27 October 2019
Sunday morning greeted us with clear baby blue skies and after a quick check of the weather forecast, we decided it was going to be a good day (well afternoon by the time we got around to it) for doing some work on the boundaries over at Stackmoor. Wrapped up warm and with wellies in the car, we headed off.
It was bone warmingly blissful standing in the sun on the edge of the meadow while we got the bits and pieces we needed out of the car but as we walked into the relative darkness of the woods, it began to feel damp and rather chilly. To me, autumn is a colourful time of year with shards of light filtering through the trees although they are beginning to look somewhat sparse now that winter is on the way. Their leaves are starting to carpet and rot on the woodland floor and definitely added to the squelchy underfoot trudge to one of our furthest boundaries.
The plan was to measure out then stake and paracord off some land behind a couple of houses that don’t currently have rear garden fencing. A simple enough job in theory but the reality is that in parts of this area there are large clumps of skin and clothes piercing brambles had other ideas!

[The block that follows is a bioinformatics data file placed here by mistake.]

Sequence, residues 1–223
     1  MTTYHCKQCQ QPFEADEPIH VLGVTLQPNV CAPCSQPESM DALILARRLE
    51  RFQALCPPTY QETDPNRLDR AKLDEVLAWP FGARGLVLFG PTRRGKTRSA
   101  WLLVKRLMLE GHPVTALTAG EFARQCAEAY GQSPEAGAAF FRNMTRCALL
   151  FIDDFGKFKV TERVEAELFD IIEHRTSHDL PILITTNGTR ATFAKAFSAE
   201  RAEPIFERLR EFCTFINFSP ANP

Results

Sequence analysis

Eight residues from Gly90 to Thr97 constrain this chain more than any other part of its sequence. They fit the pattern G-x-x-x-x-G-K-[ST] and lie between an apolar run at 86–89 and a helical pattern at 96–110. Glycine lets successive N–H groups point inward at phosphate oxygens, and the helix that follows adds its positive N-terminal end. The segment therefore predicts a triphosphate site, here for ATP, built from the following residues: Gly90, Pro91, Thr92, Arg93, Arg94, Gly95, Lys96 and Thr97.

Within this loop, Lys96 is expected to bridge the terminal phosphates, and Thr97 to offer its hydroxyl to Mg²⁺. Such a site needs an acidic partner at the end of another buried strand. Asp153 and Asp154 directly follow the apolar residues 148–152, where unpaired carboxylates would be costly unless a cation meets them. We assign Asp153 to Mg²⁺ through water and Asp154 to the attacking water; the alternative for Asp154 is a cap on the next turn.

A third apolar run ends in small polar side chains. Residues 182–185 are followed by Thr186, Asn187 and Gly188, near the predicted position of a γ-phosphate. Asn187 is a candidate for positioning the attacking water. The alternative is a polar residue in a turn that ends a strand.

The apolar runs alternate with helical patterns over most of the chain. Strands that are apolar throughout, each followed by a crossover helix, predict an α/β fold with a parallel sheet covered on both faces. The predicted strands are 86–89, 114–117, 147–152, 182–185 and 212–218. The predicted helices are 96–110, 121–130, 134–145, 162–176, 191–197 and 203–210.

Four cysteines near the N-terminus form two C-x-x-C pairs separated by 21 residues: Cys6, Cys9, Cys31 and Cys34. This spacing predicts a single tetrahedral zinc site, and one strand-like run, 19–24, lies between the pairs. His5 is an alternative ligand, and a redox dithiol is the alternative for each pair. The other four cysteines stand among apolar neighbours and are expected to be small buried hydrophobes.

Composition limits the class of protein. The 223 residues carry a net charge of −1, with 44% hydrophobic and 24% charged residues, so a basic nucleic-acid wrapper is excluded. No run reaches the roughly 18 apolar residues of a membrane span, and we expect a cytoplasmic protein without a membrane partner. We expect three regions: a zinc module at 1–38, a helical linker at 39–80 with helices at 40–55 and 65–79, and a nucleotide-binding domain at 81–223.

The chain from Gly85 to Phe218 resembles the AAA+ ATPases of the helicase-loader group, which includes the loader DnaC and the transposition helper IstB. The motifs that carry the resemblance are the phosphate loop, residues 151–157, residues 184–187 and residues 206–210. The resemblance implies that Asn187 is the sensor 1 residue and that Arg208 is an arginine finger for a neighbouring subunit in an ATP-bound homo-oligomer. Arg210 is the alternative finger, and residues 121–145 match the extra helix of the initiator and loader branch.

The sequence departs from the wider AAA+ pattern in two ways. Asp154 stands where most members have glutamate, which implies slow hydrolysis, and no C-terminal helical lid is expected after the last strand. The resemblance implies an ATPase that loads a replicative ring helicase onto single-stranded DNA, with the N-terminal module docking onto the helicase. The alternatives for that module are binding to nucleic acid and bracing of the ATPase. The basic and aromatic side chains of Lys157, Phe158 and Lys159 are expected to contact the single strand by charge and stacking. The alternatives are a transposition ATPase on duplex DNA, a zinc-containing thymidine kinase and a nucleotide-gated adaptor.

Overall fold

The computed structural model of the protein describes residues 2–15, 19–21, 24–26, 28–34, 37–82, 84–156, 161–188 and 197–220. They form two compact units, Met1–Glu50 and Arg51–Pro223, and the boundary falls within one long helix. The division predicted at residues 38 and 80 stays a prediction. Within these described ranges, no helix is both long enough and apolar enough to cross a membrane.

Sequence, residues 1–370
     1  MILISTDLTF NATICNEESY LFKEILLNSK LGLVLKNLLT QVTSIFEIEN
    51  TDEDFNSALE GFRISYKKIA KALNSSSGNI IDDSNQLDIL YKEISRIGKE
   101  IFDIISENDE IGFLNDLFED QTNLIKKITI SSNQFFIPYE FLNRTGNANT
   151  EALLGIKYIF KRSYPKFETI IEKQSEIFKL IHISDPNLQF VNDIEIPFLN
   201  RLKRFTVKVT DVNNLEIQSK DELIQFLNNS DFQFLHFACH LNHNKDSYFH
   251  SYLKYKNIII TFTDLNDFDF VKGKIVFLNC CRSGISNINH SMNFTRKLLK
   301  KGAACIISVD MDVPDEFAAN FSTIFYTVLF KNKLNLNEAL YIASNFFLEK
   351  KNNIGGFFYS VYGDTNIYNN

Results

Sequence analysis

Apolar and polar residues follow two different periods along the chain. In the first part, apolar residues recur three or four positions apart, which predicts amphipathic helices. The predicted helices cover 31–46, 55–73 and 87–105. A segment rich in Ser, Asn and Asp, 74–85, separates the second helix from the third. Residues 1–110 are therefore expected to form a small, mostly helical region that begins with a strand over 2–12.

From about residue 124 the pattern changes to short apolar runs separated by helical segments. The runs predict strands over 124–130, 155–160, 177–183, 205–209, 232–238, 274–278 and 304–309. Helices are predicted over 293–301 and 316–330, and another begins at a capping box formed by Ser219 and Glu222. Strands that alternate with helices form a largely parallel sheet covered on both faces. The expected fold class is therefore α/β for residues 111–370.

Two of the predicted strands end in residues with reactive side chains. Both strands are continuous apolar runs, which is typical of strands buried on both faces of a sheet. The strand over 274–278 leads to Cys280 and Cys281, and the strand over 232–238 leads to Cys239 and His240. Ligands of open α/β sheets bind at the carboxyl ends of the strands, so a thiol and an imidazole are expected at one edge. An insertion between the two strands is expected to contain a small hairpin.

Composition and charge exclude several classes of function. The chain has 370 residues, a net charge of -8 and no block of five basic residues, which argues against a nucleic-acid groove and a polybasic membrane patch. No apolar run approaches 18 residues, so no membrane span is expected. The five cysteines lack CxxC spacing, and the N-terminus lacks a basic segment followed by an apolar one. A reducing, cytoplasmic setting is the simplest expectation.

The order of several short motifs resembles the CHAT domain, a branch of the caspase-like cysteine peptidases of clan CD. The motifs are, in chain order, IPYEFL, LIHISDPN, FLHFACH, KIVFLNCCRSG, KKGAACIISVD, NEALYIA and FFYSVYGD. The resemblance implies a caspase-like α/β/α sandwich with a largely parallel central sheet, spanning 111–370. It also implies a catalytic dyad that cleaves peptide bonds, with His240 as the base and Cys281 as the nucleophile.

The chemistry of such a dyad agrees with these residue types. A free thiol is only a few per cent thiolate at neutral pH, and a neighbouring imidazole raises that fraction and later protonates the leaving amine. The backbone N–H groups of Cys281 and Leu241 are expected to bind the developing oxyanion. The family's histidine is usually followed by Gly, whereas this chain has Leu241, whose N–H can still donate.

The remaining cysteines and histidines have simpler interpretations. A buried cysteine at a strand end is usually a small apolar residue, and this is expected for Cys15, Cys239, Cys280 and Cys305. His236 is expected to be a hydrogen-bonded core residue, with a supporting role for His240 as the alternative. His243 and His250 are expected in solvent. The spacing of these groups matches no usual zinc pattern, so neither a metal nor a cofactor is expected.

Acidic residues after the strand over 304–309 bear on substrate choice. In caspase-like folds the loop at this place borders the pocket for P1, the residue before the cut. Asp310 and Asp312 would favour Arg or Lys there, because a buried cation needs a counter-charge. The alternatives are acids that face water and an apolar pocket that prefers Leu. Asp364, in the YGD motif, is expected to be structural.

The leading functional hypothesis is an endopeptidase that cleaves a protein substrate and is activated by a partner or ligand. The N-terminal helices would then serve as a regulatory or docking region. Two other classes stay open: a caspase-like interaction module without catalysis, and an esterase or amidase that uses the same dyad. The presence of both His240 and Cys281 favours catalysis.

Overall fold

Anyway, while standing holding one end of the tape measure (you’ll note that it wasn’t me that took on the challenge of ‘bramble bashing’!), a cheeky and inquisitive little robin came to keep me company. Bravely getting closer and closer he (or she) was probably only interested in where the stakes had disturbed the soil to see if anything interesting had been unearthed to eat. So delicate and brightly red-breasted, he flitted about in the slivers of sunlight that were piercing through the trees and hitting the muddy gound, it was a total joy to watch. Even when there were two of us (yes, the bramble basher returned safely), this bold little bird continued to keep us company.
It’s sad to think that nearly three quarters of robins in Britain die before they are one year old, either caught by predators or unable to fend for themselves.
So, spare a thought for these beautiful little birds through the winter months, as they sit on your garden fence puffing up their plumage in order to insulate their tiny bodies against the cold. As their food sources starts to become scarce, put out a little treat for them. They will eat just about anything put on a bird table, especially fatty foods such as bacon rind and cheese... maybe they’ll reward you with their distinctive and beautiful singing in return.
Personally, I hope we’ve made a new little friend that will come and say hello again as we continue our work at Stackmoor.